Length: meter (m): The SI unit of length, being the length of the path traveled by light in vacuum during a time interval of 1/(2.997 924 58 x 10^8) second.
Mass: kilogram (kg): The SI unit of mass defined as a mass equal to that of the international platinum-iridium prototype kept by the International Bureau of Weights and Measures at Sevres, near Paris. (This is the only base unit still defined by an artifact.)
Time: second (s): The SI unit of time equal to the duration of 9 192 631 770 periods of the radiation corresponding to the transition between two hyperfine levels of the ground state of the cesium-133 atom.
Electric Current: ampere (A): The SI unit of electric current. The constant current that, maintained in two straight parallel infinite conductors of negligible cross section placed one metre apart in vacuum, would produce a force between the conductors of 2 x 10^-7 N m^-1.
Temperature: kelvin (K): The SI unit of thermodynamic temperature equal to the fraction 1/273.16 of the thermodynamic temperature of the triple point of water. The magnitude of the kelvin is equal to that of the degree celsius (centigrade), but a temperature expressed in degrees celsius is numerically equal to the temperature in kelvins less 273.15. The former name _degree kelvin_ (symbol degK) became obsolete by international agreement in 1967.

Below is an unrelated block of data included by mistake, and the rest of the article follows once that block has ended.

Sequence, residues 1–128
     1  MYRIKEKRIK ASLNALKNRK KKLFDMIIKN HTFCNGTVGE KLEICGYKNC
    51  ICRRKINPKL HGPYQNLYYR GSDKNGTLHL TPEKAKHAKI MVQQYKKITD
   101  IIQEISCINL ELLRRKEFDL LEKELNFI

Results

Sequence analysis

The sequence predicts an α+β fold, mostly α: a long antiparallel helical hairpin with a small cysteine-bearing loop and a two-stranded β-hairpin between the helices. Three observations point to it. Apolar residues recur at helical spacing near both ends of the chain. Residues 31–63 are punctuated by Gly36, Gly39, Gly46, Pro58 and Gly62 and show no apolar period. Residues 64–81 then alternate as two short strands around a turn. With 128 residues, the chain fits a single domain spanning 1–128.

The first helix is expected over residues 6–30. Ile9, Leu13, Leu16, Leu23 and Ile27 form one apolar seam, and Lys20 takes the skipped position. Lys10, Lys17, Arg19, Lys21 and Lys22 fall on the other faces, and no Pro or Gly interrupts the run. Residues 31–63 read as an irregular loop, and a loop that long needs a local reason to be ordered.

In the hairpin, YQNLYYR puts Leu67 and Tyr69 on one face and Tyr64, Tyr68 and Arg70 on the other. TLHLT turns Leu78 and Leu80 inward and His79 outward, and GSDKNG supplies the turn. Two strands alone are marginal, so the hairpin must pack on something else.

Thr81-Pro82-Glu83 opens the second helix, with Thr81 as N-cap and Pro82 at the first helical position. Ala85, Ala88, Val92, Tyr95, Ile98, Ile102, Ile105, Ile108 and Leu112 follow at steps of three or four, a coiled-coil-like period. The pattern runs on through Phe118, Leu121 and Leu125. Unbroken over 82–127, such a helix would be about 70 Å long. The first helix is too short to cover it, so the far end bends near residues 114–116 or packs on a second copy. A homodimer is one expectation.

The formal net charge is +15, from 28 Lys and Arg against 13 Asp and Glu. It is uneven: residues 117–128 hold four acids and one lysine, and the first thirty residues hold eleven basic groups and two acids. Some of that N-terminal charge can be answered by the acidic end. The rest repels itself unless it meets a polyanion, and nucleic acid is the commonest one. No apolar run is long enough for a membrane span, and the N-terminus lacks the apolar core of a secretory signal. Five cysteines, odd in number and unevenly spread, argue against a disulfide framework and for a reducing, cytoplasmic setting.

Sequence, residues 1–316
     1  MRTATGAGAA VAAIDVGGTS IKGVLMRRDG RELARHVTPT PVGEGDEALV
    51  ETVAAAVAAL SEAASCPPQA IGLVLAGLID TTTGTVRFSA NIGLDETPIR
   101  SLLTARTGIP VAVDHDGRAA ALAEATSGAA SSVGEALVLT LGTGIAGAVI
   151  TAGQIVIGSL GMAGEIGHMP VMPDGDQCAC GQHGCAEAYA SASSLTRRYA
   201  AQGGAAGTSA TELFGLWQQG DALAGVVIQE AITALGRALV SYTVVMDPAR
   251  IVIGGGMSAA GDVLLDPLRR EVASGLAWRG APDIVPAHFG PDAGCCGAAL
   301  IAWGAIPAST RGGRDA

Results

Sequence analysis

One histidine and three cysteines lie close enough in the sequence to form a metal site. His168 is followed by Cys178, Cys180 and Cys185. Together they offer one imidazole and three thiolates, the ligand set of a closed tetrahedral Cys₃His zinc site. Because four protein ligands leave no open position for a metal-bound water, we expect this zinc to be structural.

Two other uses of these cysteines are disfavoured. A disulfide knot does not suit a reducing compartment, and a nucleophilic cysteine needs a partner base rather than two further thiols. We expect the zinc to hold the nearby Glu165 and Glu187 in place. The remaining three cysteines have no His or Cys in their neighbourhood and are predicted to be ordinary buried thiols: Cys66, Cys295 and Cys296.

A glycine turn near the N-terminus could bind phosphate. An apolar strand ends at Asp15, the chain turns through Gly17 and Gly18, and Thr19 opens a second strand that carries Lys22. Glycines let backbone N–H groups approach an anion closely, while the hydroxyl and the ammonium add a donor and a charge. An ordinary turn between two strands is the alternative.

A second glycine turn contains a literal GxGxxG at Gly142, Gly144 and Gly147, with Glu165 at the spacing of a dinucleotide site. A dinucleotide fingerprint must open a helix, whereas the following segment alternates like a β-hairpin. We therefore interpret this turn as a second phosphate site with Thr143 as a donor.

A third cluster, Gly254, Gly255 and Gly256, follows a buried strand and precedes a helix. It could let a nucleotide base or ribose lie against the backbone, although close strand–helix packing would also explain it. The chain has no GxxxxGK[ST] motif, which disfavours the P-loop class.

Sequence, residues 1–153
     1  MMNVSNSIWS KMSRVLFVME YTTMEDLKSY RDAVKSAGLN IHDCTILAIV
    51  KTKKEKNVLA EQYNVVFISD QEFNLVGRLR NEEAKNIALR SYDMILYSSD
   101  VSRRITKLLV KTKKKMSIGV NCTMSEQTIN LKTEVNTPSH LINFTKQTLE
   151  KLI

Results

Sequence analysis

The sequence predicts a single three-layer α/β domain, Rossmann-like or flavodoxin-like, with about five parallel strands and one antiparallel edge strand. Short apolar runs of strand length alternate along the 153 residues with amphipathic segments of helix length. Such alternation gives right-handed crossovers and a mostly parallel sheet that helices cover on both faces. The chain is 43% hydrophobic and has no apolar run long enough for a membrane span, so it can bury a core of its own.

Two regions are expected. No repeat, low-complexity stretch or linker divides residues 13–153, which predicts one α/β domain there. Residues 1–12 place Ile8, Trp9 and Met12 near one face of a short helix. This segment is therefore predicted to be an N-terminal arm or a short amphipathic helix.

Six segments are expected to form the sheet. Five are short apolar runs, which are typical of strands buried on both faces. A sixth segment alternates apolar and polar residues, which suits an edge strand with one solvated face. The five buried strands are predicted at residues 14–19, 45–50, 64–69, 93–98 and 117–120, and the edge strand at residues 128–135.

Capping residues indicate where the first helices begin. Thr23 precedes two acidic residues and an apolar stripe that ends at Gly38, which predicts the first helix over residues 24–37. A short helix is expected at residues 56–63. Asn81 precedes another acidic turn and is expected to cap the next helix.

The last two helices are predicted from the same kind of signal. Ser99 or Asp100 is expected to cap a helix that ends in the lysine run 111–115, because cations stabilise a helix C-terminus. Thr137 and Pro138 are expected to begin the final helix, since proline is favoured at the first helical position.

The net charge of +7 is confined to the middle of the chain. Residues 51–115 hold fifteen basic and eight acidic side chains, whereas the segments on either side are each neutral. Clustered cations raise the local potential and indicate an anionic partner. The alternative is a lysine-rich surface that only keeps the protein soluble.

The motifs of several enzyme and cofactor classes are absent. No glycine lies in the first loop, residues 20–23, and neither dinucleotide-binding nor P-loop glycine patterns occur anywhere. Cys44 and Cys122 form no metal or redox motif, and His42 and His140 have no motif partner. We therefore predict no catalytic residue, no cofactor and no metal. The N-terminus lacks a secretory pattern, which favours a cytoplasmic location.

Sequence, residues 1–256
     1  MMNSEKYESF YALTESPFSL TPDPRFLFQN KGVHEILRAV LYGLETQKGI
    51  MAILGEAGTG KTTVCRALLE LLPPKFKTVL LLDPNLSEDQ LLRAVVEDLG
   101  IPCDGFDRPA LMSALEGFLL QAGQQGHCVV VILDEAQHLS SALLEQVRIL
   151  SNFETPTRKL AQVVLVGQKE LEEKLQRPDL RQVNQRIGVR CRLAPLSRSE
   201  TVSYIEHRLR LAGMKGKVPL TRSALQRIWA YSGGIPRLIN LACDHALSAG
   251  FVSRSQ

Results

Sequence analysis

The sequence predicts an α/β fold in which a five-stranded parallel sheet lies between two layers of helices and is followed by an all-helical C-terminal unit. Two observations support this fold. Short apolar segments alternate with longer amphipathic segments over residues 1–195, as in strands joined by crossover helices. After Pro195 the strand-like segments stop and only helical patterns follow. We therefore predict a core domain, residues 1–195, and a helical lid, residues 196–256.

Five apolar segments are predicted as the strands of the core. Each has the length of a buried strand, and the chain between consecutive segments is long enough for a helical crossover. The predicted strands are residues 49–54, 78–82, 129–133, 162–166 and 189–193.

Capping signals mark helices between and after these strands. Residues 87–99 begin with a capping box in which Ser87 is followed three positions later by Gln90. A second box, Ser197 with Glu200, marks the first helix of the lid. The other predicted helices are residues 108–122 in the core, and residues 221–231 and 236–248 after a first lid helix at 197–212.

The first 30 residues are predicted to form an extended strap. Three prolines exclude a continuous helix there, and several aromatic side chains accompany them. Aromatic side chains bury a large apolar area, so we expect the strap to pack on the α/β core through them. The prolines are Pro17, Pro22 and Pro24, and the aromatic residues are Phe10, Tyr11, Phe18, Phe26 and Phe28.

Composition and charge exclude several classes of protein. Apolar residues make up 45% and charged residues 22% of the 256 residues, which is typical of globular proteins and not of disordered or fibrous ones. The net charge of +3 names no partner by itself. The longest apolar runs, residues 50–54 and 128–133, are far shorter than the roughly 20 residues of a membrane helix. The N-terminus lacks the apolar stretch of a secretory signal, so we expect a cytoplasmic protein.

Luminous Intensity: candela (cd): The SI unit of luminous intensity equal to the luminous intensity in the perpendicular direction of the black-body radiation from an area of 1/600 000 square metre at the temperature of freezing platinum (2042 kelvins) under a pressure of 101 325 pascals.
Amount of Substance: mole (mol): The SI unit of amount of substance. It is equal to the amount of substance that contains as many elementary units as there are atoms of 0.012 kg of carbon-12. The elementary units may be atoms, molecules, ions, radicals, electrons, etc., and must be specified.
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